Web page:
A comparative analysis of rumen pH, milk production characteristics, and blood metabolites of Holstein cattle fed different forage levels for the establishment of objective indicators of the animal welfare certification standard

Article information

Anim Biosci. 2022;35(1):147-152
Publication date (electronic) : 2021 June 23
doi : https://doi.org/10.5713/ab.21.0079
1Animal Protection and Welfare Division, Animal and Plant Quarantine Agency, Gimcheon, Gyungbuk 39660, Korea
2Department of Animal Science, Jeonbuk National University, Jeonju 54896, Korea
3Department of Laboratory Animal Medicine and Institute for the 3Rs, College of Veterinary Medicine, Konkuk University, Seoul 05029, Korea
*Corresponding Author: Jin Soo Han, Tel: +82-10-2280-0516, Fax: +82-54-912-0528, E-mail: labvet@konkuk.ac.kr
Received 2021 February 22; Revised 2021 March 29; Accepted 2021 May 12.



This study was conducted to obtain an objective index that can be quantified and used for establishing an animal welfare certification standard in Korea. For this purpose rumen pH, ruminating time, milk yield, milk quality, and blood components of cows reared in farms feeding high forage level (90%) and farms feeding low forage level (40%) were compared.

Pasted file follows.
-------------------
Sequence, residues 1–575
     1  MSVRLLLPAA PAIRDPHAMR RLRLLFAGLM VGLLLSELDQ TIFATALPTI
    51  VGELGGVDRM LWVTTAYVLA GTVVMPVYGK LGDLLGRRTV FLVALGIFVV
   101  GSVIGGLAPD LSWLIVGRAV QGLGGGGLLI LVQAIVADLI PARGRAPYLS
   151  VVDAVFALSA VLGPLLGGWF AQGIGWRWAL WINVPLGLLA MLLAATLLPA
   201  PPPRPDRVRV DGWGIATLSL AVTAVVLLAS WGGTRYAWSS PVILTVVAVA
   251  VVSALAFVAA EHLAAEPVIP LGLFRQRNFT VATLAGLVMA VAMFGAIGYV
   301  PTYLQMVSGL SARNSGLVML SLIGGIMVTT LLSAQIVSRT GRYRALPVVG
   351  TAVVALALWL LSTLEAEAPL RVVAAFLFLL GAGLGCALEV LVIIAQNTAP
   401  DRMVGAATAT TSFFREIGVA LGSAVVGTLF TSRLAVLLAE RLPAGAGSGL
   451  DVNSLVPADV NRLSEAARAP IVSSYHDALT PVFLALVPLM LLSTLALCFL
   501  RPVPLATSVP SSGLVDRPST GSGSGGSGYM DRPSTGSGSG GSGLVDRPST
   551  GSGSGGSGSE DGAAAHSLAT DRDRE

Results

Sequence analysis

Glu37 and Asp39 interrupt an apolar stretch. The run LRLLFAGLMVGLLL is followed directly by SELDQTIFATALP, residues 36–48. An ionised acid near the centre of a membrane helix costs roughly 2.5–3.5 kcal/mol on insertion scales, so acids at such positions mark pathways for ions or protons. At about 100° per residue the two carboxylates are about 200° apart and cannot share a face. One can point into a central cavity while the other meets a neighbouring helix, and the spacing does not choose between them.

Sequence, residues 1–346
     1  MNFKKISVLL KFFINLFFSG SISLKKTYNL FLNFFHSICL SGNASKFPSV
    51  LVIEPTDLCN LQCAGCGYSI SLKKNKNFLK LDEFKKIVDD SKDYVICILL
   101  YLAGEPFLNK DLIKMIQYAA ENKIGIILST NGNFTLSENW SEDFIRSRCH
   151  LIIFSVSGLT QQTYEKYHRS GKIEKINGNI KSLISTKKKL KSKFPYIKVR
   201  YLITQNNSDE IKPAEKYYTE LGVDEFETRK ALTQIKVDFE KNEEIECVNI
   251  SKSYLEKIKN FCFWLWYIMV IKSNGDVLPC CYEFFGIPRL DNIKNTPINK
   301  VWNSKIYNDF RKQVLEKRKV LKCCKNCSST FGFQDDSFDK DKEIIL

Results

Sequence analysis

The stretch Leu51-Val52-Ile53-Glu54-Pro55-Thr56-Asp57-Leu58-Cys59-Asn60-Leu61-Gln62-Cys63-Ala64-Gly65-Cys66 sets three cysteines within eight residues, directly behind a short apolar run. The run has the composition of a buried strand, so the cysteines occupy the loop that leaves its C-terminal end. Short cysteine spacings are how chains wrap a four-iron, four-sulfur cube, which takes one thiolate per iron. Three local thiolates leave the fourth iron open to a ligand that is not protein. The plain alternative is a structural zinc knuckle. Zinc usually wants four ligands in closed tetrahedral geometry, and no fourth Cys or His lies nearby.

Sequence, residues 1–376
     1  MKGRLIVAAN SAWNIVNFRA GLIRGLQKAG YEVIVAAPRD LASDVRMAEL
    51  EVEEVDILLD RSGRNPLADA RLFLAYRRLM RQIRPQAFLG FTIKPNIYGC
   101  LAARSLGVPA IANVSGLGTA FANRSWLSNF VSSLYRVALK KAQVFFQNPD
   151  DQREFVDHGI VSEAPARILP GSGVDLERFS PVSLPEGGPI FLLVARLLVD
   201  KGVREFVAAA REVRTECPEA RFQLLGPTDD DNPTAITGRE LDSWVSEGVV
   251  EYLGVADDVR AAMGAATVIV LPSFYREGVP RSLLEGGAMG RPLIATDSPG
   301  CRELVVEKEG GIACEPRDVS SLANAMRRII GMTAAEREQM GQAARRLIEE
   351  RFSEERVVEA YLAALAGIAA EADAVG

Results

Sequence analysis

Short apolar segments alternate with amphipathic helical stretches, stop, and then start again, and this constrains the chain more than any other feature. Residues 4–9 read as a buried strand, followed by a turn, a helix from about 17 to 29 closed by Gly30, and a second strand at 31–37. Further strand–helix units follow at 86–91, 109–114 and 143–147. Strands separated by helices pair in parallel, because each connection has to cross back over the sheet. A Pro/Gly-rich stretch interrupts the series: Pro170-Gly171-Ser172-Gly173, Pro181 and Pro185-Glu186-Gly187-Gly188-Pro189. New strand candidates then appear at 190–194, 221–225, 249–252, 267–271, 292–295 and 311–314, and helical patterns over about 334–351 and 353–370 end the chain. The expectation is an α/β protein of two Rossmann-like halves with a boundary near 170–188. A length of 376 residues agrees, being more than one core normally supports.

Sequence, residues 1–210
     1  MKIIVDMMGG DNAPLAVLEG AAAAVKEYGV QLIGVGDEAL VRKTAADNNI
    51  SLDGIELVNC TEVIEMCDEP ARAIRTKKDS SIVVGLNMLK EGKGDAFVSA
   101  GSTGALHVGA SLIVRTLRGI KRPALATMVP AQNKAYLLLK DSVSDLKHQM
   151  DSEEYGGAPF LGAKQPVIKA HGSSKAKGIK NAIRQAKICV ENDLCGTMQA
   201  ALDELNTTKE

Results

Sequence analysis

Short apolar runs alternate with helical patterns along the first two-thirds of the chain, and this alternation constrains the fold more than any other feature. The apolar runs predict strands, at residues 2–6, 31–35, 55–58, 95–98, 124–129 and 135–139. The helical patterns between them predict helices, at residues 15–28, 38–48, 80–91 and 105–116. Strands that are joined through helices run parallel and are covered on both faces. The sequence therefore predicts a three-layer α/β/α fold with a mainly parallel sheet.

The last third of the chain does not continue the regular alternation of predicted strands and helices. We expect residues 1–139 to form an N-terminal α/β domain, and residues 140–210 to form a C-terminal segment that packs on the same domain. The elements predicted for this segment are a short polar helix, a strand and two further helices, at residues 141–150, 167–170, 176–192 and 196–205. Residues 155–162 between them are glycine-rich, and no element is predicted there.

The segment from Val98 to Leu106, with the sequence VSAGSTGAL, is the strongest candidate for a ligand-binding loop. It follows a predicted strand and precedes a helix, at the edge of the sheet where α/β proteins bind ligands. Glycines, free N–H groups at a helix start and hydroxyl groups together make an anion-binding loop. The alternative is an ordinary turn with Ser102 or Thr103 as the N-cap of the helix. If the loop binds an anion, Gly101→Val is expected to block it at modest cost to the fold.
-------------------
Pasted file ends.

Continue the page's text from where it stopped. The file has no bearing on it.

Data on rumen pH, rumination time, milk yield, milk fat ratio, milk protein ratio, and blood metabolism were collected from 12 heads from a welfare farm (forage rate 88.5%) and 13 heads from a conventional farm (forage rate 34.5%) for three days in October 2019.


The rumination time was longer in cattle on the welfare farm than on the conventional farm (p<0.01), but ruminal pH fluctuation was greater in the cattle on conventional farm than the welfare farm (p<0.01). Conventional farms with a high ratio of concentrated feed were higher in average daily milk yield than welfare farms, but milk fat and milk production efficiency (milk fat and milk protein corrected milk/total digestible nutrients) was higher in cattle on welfare farms. Blood test results showed a normal range for both farm types, but concentrations of total cholesterol and non-esterified fatty acid were significantly higher in cows from conventional farms with a high milk yield (p<0.01).


The results of this study confirmed that cows on the animal welfare farm with a high percentage of grass feed had higher milk production efficiency with healthier rumen pH and blood metabolism parameters compared to those on the conventional farm.